What if you’re wrong and there is a hell for people who believe in gods?
In October a 21-year-old woman named Anna Schmidt (also known as Annie) went missing in the Columbia River Gorge. Her car was found at a trailhead directly across the river from my house. After several days the official search and rescue teams were called off and volunteers took over, but nobody found her for weeks. Finally, last weekend someone reported finding human remains, and it’s been confirmed: Anna died of blunt force trauma after falling off a cliff below Munra Point.
In the few weeks of October before she went missing, this area received almost twelve inches of rain. My lawn became a squishy, muddy mess, and the sidewalks and paved trails in town turned green with moss. This is not a good time of year to go hiking, much less in the area she was found. Here is a picture of the ridge leading to the viewpoint, where a tumble off either side means a fall of several hundred feet:
There’s a crappy Christian webcomic that I keep running into, which tends to utilize worn-out apologetics fallacies while failing to actually answer the questions. For example, I just saw this one in which he attempts to tackle the problem of evil, but instead ends up writing a bunch of nonsense that only adds to his problems.
Let’s rewrite the dialogue with an analogy to see how it holds up. Instead of god, we’re going to hypothesize the existence of omniscient and omnipotent dragons that obsessively hoard precious metals. The greatest desire of these dragons is to obtain all precious metals, and since they are omniscient and omnipotent it is impossible to hide any precious metal from them or stop them from taking it. In this analogy, the dragons represent the Christian god, precious metals represent evil, and the dragons’ obsession with obtaining all precious metals represents god’s obsession with destroying evil.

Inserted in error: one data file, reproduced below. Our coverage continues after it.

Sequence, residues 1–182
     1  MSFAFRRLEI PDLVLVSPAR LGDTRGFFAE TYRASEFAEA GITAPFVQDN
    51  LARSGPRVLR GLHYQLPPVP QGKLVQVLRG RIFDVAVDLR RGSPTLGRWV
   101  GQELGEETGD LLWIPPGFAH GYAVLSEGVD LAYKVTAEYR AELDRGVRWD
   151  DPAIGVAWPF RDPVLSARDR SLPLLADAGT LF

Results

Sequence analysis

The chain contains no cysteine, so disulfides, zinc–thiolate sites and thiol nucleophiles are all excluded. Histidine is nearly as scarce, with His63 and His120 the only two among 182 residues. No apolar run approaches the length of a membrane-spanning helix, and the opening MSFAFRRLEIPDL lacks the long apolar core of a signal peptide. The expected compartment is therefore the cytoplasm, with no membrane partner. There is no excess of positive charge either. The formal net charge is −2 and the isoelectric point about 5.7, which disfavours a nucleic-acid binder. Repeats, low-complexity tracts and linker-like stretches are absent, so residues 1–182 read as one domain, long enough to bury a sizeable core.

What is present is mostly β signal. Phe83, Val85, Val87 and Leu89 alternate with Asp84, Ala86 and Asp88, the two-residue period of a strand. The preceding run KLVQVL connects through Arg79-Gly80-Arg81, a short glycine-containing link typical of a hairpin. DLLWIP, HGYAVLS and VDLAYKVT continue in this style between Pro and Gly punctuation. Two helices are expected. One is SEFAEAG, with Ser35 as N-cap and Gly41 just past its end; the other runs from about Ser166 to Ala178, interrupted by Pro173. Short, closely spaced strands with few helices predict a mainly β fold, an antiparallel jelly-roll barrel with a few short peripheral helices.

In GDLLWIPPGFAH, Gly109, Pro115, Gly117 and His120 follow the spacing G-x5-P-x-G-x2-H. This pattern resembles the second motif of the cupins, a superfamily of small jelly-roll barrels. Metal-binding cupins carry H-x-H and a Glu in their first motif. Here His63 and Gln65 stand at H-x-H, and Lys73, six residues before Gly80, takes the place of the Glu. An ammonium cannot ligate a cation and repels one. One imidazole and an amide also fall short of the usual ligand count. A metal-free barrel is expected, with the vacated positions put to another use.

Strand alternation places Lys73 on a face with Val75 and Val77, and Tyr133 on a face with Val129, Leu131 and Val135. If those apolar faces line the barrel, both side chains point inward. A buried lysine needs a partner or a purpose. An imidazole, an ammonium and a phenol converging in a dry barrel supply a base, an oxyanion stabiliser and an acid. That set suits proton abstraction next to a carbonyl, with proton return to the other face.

My friend Neil Carter over at Godless in Dixie shared a set of ten questions for atheists about Christianity, along with his excellent answers. Since answering questions is an easy way to fill up a blog post, and they are good questions, I decided to answer them as well. (I consider myself fully agnostic–I have no belief about the existence of gods in general, but I do think all gods with names were probably invented by humans.)
Have you ever been to church?
Whether in my own home, someone else’s house, or a dedicated church building, I attended church about every week until I was 21 years old, and was thoroughly indoctrinated from infancy to believe a certain type of Christianity (which changed slightly over the years as my parents bounced from church to church). For many years in my teens I participated in mid-week bible studies, and I frequently played piano for worship services both at home and at churches. I’ve been to churches a few times since I deconverted, for various reasons, but I find that climbing a mountain on a sunny Sunday morning is far more beneficial for my physical and mental health than sitting for an hour or more while somebody bloviates about their personal opinions regarding an ancient book of myths that I’ve already read cover to cover multiple times.